It seems the tablet bubble has finally burst. Research firm Canalys says worldwide tablet shipments fell 12% year on year to 67 million units in Q4 2014. The desktop market too fell in the fourth quarter as Windows XP upgrades waned, while notebooks grew just 1%.
Total PC shipments fell 6% in Q4 to reach 148 million units, resulting in full-year 2014 shipments of 528 million units, up 3% on 2013. “Apple regained the top spot in the PC market on the strength of holiday sales, with just under 27 million units shipped. Lenovo’s shipments grew 6% year on year to almost 20 million units as it increased its market share to 13.3%. Samsung dropped out of the top three to make way for HP, with growth of 17% driving shipments over 17 million units, its best quarter since Q3 2011,” says the report.
Market leader Apple’s year-on-year tablet shipments declined by 18%, for the fourth quarter in a row. Second-placed Samsung recorded its first annual decline of 24% to 11 million units. “Despite a strong sequential uplift in tablet shipments, the total market contracted for the first time in Q4, as expected,” said Senior Analyst Tim Coulling. “It was always going to be tough for Apple to repeat its stellar performance of Q4 2013, when it introduced the iPad Air. With an iterative product refresh this year, the drive to upgrade iPads was muted. But Apple accounted for over 30% of the market in Q4 and the strength of its ecosystem is helping it weather the storm in an increasingly competitive market,” he added.
“Samsung’s tablets have struggled with inventory issues in 2014, which led to a modest 12% sequential increase in shipments. It will need to streamline its portfolio and improve channel management if it is to hold onto its share in 2015,” Coulling added.
However, all the other top-tier vendors grew. Seasonal sales saw Amazon take back the third-place position it occupied a year ago, with 4 million units giving it a 6% share. Lenovo had its best ever quarter, shipping 3.7 million units for a 5.5% market share. Microsoft hit just over 2 million shipments, and HP crossed the million unit threshold in tablets.
In addition to the slowdown at the top of the tablet market, the low end, which primarily consists of 7″ Android devices, also suffered significant declines. “In Q4 2014, 7″ tablets made up half of total Android tablet shipments, a segment that has seen steady declines from a high of 66% in the first quarter of the year. Demand in this segment has decreased due to cannibalization from large-screen smart phones and the intense price competition that has seen margins evaporate, making the segment unattractive to both vendors and channel partners,” said Rushabh Doshi, a Singapore-based analyst. “Canalys expects growth in 2015 to come from tablets with screen sizes larger than 8″ as vendors look to improve margins and micro-brand players exit the market. Some of this change will be driven by growth of the Windows platform.”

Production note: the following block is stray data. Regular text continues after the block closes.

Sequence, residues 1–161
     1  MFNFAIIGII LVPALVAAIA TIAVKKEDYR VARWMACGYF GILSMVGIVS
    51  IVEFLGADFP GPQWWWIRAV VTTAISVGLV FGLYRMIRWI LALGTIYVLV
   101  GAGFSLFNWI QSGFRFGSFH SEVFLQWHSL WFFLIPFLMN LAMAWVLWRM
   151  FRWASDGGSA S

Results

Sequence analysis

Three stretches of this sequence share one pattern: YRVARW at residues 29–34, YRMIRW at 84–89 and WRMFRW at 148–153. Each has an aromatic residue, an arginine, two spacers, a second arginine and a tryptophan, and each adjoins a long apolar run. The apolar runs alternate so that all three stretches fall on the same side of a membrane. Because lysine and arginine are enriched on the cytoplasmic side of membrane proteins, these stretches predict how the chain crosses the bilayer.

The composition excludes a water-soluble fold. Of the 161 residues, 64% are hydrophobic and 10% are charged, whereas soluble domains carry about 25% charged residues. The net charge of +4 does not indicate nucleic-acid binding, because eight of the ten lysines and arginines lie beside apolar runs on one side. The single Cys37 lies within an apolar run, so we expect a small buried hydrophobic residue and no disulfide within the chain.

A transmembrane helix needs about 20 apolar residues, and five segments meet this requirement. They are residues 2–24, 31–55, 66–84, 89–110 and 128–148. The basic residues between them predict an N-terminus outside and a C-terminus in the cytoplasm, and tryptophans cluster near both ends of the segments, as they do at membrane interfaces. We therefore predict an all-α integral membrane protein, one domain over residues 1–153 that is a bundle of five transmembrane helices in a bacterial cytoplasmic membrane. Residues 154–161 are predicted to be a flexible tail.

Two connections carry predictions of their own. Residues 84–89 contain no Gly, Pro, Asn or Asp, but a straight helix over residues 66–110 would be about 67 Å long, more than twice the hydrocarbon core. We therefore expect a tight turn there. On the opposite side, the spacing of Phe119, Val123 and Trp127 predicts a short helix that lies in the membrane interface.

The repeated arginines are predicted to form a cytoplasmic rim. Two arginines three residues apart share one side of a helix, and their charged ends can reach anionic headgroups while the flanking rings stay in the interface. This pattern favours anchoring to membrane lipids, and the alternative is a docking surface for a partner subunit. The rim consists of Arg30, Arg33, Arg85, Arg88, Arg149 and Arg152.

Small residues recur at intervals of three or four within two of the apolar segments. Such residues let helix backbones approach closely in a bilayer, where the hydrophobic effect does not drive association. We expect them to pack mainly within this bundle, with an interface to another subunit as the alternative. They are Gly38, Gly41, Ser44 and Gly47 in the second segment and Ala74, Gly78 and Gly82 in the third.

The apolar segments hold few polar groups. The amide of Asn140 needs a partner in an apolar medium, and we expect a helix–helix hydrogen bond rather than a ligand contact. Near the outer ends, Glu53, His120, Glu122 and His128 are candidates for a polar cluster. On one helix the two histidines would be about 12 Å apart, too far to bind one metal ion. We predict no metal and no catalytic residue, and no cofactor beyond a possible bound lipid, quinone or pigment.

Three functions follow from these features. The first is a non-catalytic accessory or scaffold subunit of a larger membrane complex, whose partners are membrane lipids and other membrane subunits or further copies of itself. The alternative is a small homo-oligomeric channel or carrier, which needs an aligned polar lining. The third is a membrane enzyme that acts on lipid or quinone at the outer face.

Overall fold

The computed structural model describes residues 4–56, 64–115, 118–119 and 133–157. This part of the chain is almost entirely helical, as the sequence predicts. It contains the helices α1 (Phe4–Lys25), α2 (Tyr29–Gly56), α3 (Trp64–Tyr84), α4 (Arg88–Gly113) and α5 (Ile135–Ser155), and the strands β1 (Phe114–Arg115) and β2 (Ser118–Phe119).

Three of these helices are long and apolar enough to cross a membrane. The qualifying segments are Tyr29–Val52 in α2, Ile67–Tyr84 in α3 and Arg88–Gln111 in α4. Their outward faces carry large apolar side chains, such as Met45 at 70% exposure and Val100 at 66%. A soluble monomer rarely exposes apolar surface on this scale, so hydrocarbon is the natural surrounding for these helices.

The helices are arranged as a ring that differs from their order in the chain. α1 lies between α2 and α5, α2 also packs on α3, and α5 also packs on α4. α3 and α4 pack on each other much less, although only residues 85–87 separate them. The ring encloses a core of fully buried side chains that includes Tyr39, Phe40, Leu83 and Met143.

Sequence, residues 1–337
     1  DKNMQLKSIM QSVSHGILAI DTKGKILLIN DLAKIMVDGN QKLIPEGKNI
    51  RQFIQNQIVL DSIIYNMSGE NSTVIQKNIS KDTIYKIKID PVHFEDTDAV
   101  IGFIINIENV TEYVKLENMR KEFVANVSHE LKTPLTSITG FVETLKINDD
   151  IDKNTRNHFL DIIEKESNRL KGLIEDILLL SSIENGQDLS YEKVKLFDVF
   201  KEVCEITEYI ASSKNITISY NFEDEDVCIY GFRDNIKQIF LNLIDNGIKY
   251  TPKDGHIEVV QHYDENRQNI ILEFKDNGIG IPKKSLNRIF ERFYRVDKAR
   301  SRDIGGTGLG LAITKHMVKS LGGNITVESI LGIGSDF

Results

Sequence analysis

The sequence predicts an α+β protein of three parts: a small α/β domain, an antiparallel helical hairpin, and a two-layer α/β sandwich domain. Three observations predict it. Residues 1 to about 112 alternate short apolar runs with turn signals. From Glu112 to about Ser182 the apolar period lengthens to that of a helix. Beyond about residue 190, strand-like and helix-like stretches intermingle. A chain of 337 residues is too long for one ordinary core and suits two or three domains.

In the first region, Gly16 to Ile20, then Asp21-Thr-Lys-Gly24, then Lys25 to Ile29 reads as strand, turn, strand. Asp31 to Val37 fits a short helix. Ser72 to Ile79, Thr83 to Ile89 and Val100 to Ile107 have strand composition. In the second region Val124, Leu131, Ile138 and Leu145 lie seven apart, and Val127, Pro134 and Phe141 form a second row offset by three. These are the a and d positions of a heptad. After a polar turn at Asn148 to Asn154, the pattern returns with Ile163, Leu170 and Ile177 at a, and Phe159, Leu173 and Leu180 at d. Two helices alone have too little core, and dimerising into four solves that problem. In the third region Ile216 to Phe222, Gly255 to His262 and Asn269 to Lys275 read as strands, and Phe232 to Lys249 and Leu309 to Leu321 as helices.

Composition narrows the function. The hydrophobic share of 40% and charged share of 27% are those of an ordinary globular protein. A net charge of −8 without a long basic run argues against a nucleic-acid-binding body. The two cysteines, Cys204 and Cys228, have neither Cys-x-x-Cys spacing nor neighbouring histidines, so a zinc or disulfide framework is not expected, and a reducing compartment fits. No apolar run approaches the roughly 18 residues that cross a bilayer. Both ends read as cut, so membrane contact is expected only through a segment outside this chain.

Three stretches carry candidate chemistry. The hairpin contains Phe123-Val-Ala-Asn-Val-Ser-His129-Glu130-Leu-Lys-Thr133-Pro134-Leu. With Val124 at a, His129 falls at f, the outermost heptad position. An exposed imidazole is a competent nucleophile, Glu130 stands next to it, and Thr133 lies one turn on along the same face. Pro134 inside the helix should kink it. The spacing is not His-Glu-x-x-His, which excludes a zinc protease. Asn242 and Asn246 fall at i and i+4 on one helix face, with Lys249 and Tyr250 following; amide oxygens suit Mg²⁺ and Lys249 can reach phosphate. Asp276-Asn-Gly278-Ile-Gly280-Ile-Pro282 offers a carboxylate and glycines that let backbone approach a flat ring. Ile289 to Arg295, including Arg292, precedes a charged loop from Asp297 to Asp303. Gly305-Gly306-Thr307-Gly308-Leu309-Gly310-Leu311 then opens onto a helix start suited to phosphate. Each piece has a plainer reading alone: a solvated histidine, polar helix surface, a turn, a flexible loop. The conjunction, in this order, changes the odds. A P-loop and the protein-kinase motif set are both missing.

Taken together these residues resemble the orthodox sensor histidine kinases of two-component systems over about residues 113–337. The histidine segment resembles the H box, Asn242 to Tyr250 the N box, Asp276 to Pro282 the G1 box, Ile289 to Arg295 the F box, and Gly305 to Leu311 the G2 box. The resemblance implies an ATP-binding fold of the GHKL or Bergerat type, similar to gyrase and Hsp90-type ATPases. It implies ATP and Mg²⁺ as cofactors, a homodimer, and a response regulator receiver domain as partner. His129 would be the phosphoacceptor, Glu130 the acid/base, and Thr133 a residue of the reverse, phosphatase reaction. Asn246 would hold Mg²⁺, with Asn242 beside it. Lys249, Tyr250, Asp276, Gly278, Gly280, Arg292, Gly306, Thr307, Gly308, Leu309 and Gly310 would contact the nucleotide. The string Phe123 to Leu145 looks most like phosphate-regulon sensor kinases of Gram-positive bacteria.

Shipments exceeded 6 million units in Q4 2014, capturing just over 9% share in tablets. Microsoft’s own-branded devices accounted for just over a third of worldwide shipments of Windows tablets as Surface Pro 3 sales continued to gain momentum.
In the notebook market, the report said, Windows has proved to be a success in volume terms. “The new price points it enabled stimulated notebook demand in established markets in Western Europe and the US. This will have hurt tablet sales in these markets in the fourth quarter as consumers opted to replace aging consumer notebooks,” said Research Analyst Jason Low. “But it has had a detrimental effect on ASPs, reducing channel partners’ revenue as well as its own. Vendors were keen to stock the channel this quarter due to upcoming changes to the use of Windows with Bing, increasing the license cost to OEMs and restricting screen sizes to 14″ and below. Canalys expects declines in the first half of 2015 as notebook inventories rebalance and the subsequent retail price increases will certainly stifle consumer demand.”
Another factor liable to stifle demand in the short term is the upcoming release of Windows 10. “The reception of Windows 8 has been akin to that of Windows Vista. In that case, Microsoft redeemed itself by following up with Windows 7. The launch of Windows 10 will need to mirror that success,” said Coulling. “We expect the notebook market to experience a short-lived slowdown as users wait for Windows 10, skipping Windows 8. In the meantime, we expect a further boost for Chromebooks as Google seeks to make further headway, particularly in the US education market.”